8. 8
    Karen says:

    A few very prolific contemporary romance writers from the ‘20s and ‘30s (and beyond) are Faith Baldwin, Kathleen Norris, and Maysie Greig, though I don’t know that their stories would be considered adventure-romance.

    A great source for ‘20s & ‘30s fiction is eBay. You’ll often see big lots for sale for relatively cheap. The Dell mapbacks (whether romance or paperback) are rather collectible and have fun period covers.

  9. 9
    Joyce says:

    Have to admit Helen MacInnes was my favorite for a long time.  There is Mary Stewart and Victoria Holt.

  10. 10
    packbacker says:

    In terms of secondary literature, try Janice Radway’s Reading the Romance: Women, Patriarchy, and Popular Literature, and more recently Pamela Regis’ A Natural History of the Romance Novel.

    I personally like Regis’ book more because she has a good chronological history of the romance novel and seems enthusiastic about her topic, while I got the impression that Radway believes she’s “too educated” to actually read a romance novel – she only writes about other women who read them.

  11. 11
    DebL says:

    I don’t have dates for her, but what about Daphne DuMaurier? Jamaica Inn et al.

  12. 12
    Robin F says:

    There is also D.E. Stevenson, she is a relation of R.L. Stevenson and wrote some wonderful romantic and just funny books, my favorite is Miss Buncle’s Book which isn’t so much a romance but is very funny.  A lot of hers are set during World War II and in Scotland, and she actually lived in Dumfries & Galloway so her Scottish references are pretty accurate.

  13. 13
    Rosemary says:

    Emilie Loring wrote books around 1915-1960s.  Her books after WW2 deal mainly with the Red Scare, but that’s also when they fall apart for me.  They are too wrapped up in the conspiracy theory of invading Communists.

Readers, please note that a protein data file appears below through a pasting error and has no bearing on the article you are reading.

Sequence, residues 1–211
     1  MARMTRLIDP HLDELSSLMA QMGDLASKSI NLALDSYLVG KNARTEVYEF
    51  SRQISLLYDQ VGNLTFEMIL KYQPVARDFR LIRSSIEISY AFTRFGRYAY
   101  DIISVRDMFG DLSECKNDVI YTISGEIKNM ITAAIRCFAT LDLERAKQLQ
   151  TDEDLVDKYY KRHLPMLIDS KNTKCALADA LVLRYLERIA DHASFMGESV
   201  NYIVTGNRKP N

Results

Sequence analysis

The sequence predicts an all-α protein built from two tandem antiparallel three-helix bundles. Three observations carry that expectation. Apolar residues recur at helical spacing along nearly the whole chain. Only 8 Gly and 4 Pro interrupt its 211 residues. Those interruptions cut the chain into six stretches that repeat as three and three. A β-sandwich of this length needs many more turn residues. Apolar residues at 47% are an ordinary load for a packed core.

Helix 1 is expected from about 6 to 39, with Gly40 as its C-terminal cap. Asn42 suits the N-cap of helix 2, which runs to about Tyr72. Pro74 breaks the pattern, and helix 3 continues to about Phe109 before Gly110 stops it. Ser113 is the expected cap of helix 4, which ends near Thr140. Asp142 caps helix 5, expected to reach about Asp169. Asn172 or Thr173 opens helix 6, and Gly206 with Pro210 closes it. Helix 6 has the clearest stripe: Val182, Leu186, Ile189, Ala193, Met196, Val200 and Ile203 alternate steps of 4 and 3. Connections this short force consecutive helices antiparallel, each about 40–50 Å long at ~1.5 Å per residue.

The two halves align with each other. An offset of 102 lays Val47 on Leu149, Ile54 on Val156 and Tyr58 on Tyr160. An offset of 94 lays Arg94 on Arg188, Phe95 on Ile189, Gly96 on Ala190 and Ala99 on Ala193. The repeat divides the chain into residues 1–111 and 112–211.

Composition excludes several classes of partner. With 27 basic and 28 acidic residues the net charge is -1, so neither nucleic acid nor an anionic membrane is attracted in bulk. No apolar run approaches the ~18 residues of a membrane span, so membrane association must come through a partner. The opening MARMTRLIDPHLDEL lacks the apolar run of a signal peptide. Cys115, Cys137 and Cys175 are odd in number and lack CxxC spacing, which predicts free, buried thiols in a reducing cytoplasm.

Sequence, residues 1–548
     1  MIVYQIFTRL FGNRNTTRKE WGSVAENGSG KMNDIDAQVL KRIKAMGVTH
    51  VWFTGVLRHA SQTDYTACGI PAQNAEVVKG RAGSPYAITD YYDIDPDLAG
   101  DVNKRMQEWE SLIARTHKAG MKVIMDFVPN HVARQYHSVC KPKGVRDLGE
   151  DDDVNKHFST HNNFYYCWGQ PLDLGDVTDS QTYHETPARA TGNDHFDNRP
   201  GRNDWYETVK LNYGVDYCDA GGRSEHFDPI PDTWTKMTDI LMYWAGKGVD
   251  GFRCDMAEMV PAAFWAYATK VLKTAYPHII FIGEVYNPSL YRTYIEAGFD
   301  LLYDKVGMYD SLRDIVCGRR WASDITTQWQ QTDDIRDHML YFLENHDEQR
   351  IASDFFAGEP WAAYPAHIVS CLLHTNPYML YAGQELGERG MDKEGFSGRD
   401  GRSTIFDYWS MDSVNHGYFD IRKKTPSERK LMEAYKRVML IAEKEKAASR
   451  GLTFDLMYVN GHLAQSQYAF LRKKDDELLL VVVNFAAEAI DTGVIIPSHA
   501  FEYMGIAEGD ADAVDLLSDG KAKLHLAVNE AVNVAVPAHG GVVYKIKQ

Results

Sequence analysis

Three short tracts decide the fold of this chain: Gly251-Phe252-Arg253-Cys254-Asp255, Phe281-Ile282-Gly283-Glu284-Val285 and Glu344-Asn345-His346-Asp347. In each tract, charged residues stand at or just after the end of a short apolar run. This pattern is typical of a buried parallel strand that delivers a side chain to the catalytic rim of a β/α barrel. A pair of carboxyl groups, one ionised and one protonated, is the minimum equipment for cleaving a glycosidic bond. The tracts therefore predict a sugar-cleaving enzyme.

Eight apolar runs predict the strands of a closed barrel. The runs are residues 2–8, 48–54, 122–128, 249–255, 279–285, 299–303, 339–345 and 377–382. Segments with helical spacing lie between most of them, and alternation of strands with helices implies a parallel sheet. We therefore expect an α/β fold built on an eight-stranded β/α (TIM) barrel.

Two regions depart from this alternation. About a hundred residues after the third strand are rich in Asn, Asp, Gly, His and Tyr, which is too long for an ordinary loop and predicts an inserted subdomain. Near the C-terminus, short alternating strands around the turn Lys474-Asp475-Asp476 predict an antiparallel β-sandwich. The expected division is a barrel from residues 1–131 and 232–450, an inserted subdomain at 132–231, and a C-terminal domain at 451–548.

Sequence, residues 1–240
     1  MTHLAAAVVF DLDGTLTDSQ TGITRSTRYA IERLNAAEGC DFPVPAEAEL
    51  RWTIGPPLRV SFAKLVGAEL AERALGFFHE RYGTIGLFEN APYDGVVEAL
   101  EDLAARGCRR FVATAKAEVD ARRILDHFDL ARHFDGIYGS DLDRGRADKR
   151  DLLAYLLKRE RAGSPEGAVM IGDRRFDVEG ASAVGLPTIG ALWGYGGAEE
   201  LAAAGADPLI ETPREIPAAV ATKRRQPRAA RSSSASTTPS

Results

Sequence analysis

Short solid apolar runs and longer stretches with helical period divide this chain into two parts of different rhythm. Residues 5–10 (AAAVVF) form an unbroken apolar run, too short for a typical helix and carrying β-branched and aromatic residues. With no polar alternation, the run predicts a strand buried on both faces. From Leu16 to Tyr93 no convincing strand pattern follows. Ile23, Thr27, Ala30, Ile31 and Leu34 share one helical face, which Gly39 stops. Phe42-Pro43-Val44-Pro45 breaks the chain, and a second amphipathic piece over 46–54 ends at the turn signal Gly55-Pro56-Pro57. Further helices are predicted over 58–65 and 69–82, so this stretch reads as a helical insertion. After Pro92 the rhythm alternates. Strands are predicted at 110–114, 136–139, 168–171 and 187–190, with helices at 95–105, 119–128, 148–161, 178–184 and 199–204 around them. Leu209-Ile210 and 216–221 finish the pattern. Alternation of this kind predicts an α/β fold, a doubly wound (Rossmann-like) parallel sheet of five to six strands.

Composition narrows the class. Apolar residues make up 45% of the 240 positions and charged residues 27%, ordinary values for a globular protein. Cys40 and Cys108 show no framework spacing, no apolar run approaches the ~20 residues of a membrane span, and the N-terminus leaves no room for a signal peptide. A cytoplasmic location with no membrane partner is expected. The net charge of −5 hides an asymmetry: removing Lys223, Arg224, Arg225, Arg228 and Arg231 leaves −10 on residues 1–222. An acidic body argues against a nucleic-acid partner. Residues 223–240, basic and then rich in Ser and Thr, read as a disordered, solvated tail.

Some are extremely bad but others are pretty good.  You can find them at a public library.


  14. 14
    Urraca says:

    How about Mazo de la Roche’s Jalna series?  They were tremendously popular at that time.

  15. 15
    Joanna says:

    you might try Elizabeth Cadell – British, mostly 1940s-60s I think – she’s a lot funnier than Emilie Loring and a little less dire than some DE Stevensons.  not available in all libraries, but ebay should help. I work with a lot of women in their 70s and we read all the same books – another favorite here is Elswyth Thane’s Williamsburg books, although you have to be willing to ignore some unfortunate racial attitudes.  for gothics, it’s Mary Stewart and Jane Aiken Hodge all the way. the Historical Society ladies wish you luck!

  16. 16
    Susan says:

    Sabatini!!  The author of Captain Blood, Scaramouche, and The Sea Hawk—-he wrote mostly swashbucklers and was a huge bestseller back in the day.  And don’t forget Daphne du Maurier.

    I tend to think of socialists as having their own trashy literature in the 30s and 40s—-my mom suggests Howard Fast (author of Spartacus and other historical novels) and Upton Sinclair’s Lanny Budd books (a series about a socialist millionaire who went around having adventures, saving people from the Nazis and the like).  She can’t think of any adventure-romance specifically, but if she does, she’ll let me know.

  17. 17
    Jackie says:

    Daphne Du Maurier and Dame Agatha Christie Classics.